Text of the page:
SAN DIEGO — The Old Globe Theatre plans to appeal the $95,000 grant it was awarded Friday by the California Arts Council, according to Development Director Cassie Solomon-Hay. The grant was $20,000 less than the previous year's $115,000.
The reduced funding seemed to correspond exactly to the reduction in the Globe's application. The Globe asked for $150,000 this year instead of the $170,000 it applied for last year after the Arts Council asked groups to stop inflating the figures in their applications. By complying, Solomon-Hay said, the theater was penalized when other arts groups either did not reduce their grant requests or increased them.
Not so, said the Arts Council's Ray Tatar, who oversees grants to theaters. During a panel evaluation of applicants, the Globe, which Tatar called "a national treasure," was reduced "one point" on an eight-point scale that attempts to standardize criteria for awarding grants.
While the Globe received positive marks for "doing more risk-taking on the mainstage," panelists scored the theater in other areas. "The issues of production quality remain an abiding concern," the panel's report states, and adds, "The visual elements seem to overpower acting elements and directing." The panel was concerned also about the bilingual Teatro Meta project, in which there were fewer activities last year than the previous year, and the Play Discovery Program, which was seen as stronger dramaturgically in 1985.
COMBO ADVANCES: A city manager's report that will be taken up today by the Public Services and Safety Committee recommends that COMBO become the conduit through which virtually all city government arts funding flows. (Although the La Jolla Museum of Contemporary Art is a COMBO member, museums are considered separate for funding purposes by the city manager's office.)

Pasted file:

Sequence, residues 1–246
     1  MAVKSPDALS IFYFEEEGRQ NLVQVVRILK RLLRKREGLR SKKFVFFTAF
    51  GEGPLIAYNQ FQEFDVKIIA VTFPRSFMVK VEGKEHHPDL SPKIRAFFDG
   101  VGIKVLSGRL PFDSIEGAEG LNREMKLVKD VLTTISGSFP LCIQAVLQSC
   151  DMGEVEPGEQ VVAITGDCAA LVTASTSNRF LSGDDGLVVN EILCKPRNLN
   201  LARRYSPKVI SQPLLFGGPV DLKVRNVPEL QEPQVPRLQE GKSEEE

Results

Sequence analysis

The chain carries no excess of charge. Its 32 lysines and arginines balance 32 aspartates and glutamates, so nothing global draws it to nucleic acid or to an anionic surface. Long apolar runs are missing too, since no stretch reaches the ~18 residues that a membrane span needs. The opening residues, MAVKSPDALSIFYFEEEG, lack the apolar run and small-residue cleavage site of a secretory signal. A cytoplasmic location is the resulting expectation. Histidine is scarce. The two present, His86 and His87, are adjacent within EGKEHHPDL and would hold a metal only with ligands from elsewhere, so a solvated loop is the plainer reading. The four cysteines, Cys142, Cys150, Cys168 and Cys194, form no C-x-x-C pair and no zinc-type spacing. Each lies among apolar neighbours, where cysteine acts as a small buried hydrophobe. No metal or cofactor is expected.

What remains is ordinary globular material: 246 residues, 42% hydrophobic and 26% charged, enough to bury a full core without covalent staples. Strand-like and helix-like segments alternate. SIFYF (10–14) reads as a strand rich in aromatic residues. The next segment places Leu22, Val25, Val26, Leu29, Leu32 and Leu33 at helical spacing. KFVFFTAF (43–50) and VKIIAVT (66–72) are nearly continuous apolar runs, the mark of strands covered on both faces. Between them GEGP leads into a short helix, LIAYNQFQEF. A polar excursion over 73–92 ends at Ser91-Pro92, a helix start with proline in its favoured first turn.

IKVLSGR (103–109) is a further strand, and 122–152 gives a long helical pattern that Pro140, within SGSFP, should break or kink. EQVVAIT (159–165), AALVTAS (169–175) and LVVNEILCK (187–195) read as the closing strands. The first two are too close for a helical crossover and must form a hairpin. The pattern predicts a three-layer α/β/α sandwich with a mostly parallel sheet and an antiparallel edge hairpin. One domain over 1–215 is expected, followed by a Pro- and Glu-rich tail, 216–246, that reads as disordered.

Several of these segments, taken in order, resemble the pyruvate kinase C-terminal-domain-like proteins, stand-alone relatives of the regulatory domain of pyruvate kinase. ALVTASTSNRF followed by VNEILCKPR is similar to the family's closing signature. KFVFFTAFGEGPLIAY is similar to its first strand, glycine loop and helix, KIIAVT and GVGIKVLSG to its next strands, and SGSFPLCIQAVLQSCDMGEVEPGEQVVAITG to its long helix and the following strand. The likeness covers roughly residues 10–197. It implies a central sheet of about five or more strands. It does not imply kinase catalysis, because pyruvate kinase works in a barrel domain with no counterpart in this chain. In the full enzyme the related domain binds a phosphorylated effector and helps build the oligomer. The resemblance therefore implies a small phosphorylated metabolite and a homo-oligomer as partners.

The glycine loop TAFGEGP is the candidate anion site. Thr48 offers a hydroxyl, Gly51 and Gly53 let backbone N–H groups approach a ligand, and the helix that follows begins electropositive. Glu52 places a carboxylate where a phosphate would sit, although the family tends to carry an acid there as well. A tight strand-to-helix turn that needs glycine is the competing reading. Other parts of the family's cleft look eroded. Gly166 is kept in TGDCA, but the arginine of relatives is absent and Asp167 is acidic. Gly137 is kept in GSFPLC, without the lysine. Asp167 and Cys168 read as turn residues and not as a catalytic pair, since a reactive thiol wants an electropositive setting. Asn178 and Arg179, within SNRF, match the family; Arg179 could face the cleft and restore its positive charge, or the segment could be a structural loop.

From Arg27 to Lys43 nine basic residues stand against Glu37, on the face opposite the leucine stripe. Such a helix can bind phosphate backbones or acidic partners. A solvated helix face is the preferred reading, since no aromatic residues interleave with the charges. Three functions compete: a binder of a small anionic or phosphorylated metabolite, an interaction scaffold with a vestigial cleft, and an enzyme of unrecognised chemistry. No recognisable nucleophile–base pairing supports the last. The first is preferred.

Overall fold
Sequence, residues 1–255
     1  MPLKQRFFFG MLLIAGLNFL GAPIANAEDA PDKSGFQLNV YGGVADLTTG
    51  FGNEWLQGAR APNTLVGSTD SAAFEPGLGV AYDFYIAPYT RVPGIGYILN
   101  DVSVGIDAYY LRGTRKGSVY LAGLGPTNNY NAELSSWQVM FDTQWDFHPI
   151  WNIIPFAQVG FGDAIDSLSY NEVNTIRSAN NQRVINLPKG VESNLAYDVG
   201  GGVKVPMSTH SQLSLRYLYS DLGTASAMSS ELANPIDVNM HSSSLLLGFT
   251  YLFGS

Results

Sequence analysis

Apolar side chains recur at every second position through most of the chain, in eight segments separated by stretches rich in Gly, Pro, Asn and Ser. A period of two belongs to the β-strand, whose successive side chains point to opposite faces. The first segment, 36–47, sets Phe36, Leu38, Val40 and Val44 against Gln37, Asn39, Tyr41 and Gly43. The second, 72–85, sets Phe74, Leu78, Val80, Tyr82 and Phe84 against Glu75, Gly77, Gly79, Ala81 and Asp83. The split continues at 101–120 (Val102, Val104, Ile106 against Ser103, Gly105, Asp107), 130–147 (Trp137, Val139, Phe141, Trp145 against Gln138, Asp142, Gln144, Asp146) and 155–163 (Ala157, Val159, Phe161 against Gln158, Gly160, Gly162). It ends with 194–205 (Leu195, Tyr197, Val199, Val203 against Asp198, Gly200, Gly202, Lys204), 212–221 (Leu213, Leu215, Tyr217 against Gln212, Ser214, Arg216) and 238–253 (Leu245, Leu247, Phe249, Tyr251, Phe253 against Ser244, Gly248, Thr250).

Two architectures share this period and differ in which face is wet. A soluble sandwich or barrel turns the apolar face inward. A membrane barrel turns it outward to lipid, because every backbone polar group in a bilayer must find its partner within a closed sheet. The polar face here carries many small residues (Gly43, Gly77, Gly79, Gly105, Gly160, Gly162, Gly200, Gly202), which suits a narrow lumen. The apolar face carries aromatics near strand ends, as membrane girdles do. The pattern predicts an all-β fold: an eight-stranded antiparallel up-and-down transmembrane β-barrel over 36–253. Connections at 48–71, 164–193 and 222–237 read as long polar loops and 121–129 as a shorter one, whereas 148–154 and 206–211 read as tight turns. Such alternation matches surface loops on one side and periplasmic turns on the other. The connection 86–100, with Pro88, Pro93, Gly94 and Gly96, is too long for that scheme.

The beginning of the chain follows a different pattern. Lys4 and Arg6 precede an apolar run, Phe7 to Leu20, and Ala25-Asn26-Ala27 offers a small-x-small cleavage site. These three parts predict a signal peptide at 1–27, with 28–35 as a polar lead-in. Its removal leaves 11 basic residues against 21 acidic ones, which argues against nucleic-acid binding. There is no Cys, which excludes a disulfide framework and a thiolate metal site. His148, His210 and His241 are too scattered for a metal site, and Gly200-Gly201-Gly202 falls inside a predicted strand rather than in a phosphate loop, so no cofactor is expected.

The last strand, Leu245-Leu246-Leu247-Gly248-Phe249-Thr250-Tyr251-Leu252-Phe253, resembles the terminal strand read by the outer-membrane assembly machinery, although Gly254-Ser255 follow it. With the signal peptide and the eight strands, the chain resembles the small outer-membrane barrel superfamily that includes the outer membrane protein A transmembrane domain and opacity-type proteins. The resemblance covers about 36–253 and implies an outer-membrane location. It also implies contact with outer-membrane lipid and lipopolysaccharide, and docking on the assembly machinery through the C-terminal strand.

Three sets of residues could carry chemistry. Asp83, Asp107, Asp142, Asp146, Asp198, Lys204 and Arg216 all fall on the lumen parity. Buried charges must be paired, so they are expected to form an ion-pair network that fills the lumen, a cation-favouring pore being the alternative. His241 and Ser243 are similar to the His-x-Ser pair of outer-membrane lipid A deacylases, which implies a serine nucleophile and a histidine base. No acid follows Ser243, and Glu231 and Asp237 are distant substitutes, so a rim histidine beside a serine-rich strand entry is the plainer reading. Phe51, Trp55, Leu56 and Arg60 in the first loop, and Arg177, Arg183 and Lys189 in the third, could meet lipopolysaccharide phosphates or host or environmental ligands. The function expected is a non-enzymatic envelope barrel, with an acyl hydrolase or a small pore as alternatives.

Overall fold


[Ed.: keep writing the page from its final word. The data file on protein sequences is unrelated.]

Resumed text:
At least two City Council members on the committee are not so sure that COMBO, which is slated to receive $853,352 in city funds for redistribution this year, is the ideal umbrella organization. "We need more information," said Barry Schultz, a spokesman for Councilman William Jones. "We're concerned about COMBO's (recent) reorganization."
Abbe Wolfsheimer, another committee member, has distributed a memorandum that questions several recommendations in the city manager's report, including the COMBO matter. Wolfsheimer feels that such a policy change would compel arts groups to join COMBO, which restricts certain activities of its members. Wolfsheimer also believes it is premature to designate COMBO the city's arts umbrella organization because COMBO's recent internal reorganization remains untested.
Committee members Judy McCarty, Gloria McColl and Uvaldo Martinez did not return a reporter's calls regarding the report.
SYMPHONY WATCH: New San Diego Symphony Executive Director Wesley Brustad is already making an impact on operations. Senior staff members have been called for bi-weekly Saturday morning meetings. At the informal meetings--most of the top eight staffers show up in jeans--subjects ranging from potential problems to potential fund-raising projects are discussed. The meetings, which were termed "tremendously productive," are part of Brustad's effort to build a managerial team, a symphony source said.
The other side of the picture is that Brustad has eliminated 9 of 36 positions, and reorganization is continuing.
Meanwhile, musicians picketing Symphony Hall are handing out new leaflets that raise questions about their pay. One paragraph of the leaflet indicates that, while the symphony budget has grown from $4 million to $8 million over the last four years, orchestra pay has grown from $2 million to $3 million. Another paragraph alleges that during the same time, while the budget was growing, the players' share dropped from 50% to 37%.
CAN'T HELP LOVING: Equitable Life Leasing Corp., a national firm based in San Diego but with minimal local business interests, is putting major money into the San Diego performance of "Porgy and Bess," March 5-8 at the Civic Theatre. The San Diego Opera announced Monday that Equitable Leasing is sponsoring "Porgy" to the tune of a $75,000 grant, believed to be the largest corporate donation in the history of the San Diego Opera. The Houston Grand Opera production of George Gershwin's masterpiece is being presented under the auspices of the local opera company. The man behind the grant: Equitable Life's Chairman, Edward R. Herman, was overwhelmed by "Porgy" when he saw it as a child.